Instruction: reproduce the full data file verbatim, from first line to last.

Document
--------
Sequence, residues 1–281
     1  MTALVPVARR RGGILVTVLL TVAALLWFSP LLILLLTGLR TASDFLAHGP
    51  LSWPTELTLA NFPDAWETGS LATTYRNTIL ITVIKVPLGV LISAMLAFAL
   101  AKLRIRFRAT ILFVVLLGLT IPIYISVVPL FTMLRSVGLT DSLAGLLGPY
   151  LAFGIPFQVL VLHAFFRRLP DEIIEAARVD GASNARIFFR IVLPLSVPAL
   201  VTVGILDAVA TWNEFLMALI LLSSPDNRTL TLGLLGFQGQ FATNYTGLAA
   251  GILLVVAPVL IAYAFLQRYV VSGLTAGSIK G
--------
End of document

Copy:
Sequence, residues 1–281
     1  MTALVPVARR RGGILVTVLL TVAALLWFSP LLILLLTGLR TASDFLAHGP
    51  LSWPTELTLA NFPDAWETGS LATTYRNTIL ITVIKVPLGV LISAMLAFAL
   101  AKLRIRFRAT ILFVVLLGLT IPIYISVVPL FTMLRSVGLT DSLAGLLGPY
   151  LAFGIPFQVL VLHAFFRRLP DEIIEAARVD GASNARIFFR IVLPLSVPAL
   201  VTVGILDAVA TWNEFLMALI LLSSPDNRTL TLGLLGFQGQ FATNYTGLAA
   251  GILLVVAPVL IAYAFLQRYV VSGLTAGSIK G